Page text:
The black and white shot shows workers building The Circle Theater. This theater was home to a trained bird show and a show featuring The Sesame Players, a group of actors who entertained and interacted with the audience.

In the early 1990s Sesame Place added a large theater, the Paradise Playhouse. This eventually led to the Circle Theater being redesigned to house a photo op location called “123 Smile with Me!”

Here you can get photos with two different characters that rotate throughout the day.


There were no characters on opening day, but they did start appearing in the early 1980s. Also in the early days of the park there were animatronic Muppets (Oscar and Cookie Monster) that would appear and speak to kids. This Cookie Monster animatronic was set up on a cart with wheels so he could be moved, but he often appeared in The Sesame Food Factory as he does in this inset photo. Oscar was usually outside and we have a great photo of him, in his trashy cart, in the book.

These animatronic characters, called Automated Muppets, don’t appear at Sesame Place anymore but the location is still a restaurant, now called Elmo’s Eatery.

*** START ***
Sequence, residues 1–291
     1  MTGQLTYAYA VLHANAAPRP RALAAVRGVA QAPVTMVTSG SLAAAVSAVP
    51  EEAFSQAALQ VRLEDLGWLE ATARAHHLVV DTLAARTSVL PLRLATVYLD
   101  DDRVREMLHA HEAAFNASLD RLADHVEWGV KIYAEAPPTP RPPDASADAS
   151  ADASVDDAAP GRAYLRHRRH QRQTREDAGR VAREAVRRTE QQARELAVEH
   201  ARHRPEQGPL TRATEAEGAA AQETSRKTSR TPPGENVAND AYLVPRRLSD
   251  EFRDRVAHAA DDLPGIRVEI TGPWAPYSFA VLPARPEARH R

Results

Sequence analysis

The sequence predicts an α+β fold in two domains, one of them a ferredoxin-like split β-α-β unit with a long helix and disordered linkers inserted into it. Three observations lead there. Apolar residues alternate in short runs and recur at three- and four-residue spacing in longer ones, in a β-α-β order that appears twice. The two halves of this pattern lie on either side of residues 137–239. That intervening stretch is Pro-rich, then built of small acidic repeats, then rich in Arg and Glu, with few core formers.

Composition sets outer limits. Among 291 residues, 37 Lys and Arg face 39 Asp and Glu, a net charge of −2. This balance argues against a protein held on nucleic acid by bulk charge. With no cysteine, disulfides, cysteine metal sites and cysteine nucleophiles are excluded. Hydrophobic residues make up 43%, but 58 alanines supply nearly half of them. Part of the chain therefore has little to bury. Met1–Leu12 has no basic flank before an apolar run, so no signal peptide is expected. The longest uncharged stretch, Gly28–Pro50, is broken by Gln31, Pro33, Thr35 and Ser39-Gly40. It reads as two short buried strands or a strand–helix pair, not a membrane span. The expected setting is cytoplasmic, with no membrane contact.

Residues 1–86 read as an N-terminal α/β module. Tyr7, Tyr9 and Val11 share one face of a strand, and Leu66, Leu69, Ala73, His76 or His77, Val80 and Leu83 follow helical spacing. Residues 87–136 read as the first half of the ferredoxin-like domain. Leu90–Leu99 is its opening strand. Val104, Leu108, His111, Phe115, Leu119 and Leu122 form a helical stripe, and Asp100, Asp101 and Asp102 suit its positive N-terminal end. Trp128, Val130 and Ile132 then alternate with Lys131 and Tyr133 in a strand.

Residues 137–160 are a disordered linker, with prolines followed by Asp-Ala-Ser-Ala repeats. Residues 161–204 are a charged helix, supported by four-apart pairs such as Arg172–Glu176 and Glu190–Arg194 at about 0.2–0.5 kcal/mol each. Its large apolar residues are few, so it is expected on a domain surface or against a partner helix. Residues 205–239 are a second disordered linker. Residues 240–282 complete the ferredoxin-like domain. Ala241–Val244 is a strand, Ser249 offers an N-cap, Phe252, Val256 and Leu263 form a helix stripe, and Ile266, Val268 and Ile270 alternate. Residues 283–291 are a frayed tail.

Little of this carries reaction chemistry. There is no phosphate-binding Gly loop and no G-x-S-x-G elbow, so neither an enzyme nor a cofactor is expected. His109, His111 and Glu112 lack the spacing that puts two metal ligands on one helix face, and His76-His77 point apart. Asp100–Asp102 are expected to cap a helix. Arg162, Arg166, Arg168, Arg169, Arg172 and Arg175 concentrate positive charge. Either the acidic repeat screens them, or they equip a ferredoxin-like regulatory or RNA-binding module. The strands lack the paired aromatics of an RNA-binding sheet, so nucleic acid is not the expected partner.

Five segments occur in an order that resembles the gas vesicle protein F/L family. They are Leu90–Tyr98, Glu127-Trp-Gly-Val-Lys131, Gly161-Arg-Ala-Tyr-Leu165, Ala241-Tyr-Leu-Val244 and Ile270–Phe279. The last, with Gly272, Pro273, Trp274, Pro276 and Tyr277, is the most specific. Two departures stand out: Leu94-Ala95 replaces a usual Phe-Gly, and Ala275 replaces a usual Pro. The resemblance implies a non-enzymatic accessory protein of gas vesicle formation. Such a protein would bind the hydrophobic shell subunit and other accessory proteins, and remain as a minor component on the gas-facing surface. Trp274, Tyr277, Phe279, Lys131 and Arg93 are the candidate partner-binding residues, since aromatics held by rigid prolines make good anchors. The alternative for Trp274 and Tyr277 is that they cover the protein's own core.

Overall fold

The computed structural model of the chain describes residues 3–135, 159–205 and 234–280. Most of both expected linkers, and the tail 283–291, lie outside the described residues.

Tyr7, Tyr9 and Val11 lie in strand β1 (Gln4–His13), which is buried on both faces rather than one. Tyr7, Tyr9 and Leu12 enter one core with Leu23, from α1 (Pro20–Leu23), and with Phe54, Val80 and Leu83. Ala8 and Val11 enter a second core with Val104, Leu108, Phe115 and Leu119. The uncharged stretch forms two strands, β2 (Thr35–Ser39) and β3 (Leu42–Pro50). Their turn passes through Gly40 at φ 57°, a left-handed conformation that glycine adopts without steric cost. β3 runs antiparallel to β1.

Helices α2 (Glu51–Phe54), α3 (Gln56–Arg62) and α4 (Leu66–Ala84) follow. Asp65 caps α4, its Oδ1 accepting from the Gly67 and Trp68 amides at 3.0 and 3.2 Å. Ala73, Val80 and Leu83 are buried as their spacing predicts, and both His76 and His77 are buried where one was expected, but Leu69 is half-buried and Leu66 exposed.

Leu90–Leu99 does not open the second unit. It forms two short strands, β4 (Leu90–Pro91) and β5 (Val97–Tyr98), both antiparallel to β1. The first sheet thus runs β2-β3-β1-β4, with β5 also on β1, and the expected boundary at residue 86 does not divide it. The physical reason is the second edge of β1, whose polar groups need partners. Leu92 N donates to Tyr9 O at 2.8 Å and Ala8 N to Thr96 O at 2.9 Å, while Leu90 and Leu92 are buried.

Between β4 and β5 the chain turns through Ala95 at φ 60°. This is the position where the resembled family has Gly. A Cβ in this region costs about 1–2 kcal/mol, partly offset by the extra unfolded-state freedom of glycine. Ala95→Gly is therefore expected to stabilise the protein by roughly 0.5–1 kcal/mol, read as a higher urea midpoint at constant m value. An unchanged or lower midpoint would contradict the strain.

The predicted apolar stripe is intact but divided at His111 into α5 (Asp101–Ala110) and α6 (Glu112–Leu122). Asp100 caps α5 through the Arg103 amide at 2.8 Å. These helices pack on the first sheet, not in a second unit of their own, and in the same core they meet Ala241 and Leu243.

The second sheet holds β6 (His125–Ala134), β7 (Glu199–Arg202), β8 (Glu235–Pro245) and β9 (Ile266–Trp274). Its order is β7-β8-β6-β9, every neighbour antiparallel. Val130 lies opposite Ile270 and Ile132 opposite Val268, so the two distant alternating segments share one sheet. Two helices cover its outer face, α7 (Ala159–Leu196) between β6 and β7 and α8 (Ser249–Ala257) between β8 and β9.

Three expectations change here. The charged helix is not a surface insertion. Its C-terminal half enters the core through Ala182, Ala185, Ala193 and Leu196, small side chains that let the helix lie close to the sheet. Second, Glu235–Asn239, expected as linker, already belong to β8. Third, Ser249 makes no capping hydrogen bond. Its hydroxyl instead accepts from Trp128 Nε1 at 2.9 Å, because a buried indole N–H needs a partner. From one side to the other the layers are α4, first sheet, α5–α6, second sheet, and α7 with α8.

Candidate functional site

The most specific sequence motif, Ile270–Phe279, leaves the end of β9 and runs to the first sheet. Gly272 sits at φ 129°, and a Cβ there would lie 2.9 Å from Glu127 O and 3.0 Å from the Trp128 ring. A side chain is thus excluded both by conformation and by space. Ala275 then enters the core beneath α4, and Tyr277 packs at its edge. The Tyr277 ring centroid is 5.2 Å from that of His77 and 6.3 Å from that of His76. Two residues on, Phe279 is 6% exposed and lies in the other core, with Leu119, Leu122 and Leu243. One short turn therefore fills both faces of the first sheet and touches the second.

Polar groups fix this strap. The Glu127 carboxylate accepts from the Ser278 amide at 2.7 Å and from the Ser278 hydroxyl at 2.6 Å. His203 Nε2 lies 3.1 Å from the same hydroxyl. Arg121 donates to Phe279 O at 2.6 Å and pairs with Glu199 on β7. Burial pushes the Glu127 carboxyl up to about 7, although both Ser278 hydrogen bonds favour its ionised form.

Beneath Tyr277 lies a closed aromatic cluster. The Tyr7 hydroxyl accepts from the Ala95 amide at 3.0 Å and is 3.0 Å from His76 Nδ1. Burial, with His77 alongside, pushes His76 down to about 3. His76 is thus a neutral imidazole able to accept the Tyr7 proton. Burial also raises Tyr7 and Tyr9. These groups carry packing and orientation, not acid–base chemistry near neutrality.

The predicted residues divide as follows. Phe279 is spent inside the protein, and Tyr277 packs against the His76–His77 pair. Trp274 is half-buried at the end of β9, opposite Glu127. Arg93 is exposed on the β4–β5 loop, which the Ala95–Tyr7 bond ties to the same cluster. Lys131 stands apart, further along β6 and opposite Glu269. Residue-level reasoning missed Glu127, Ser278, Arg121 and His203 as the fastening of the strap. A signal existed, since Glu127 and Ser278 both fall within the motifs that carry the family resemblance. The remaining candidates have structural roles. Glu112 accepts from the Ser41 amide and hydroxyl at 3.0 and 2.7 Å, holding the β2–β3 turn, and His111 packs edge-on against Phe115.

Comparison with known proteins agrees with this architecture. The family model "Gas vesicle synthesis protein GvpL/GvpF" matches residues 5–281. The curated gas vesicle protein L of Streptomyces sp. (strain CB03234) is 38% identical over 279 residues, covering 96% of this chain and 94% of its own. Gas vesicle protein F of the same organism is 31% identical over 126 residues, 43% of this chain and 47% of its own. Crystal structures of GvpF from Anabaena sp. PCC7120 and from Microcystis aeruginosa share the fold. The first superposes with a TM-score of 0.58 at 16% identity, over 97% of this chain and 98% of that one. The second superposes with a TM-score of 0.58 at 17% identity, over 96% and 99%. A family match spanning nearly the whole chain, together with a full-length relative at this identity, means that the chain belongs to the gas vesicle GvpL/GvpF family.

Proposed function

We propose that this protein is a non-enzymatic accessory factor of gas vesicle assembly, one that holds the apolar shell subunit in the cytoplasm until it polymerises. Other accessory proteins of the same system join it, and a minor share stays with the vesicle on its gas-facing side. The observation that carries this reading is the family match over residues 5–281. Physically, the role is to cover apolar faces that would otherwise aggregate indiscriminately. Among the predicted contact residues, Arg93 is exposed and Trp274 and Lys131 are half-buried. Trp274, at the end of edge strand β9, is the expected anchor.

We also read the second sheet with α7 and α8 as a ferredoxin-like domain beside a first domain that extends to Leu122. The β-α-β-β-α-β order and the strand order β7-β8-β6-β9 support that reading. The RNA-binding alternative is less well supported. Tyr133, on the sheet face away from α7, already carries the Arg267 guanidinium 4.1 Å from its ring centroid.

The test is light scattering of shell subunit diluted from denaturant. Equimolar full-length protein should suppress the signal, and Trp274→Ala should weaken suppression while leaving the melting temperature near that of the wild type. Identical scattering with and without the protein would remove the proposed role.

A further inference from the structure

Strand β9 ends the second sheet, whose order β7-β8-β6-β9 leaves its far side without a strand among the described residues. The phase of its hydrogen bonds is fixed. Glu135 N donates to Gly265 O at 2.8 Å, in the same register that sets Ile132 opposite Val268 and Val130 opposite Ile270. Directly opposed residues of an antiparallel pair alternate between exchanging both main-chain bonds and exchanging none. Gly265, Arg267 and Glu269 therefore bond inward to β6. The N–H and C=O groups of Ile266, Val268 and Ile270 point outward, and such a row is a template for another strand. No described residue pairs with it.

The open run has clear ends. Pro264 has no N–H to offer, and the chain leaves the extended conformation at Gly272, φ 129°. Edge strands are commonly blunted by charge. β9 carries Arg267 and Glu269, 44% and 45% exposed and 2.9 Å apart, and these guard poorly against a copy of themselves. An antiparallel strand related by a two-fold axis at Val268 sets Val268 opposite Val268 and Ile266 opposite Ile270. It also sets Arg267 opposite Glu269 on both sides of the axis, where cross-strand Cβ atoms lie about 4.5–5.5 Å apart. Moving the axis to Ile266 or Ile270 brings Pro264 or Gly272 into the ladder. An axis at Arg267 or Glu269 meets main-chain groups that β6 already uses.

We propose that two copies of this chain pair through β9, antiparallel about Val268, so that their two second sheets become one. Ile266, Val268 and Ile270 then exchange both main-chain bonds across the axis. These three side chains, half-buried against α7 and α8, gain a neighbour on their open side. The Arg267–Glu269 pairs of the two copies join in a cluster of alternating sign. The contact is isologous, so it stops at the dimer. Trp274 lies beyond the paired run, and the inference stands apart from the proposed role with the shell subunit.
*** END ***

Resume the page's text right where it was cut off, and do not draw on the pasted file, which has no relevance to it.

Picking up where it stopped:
This year Sesame Place introduced a new system where guests order their food and then place a transponder on their table so the food can be delivered as soon as it is ready.


Behind The Sesame Food Factory for many years was Cookie Mountain (inset.) This fun climbing pyramid provided challenging play for children from opening day until it was removed at the end of the 2013 season. This area was totally revamped and became Cookie’s Monster Land.

Today this area is home to several mechanical rides and a new net climb called Monster Clubhouse.


Herry’s Hand Over Water was an opening day attraction that was a combination of jungle gym and splash zone. Herry’s Hand Over Water did not remain at the park for very long. In the book we were able to document the changes to the space with another very similar photo that showed it as home to The Sesame Construction Company just a couple years later.

We also cover when the ride was called Big Bird’s Balloon race before it was renamed Flying Cookie Jars. This ride ascends rather high over the park and gives great views along with thrills to riders.


One of the more unique places in Sesame Place in the 1980s was The Adults Oasis. Shown in the inset photo this area was designed to provide a quiet place for grownups to sit. It was situated high enough allow them to watch their kids below.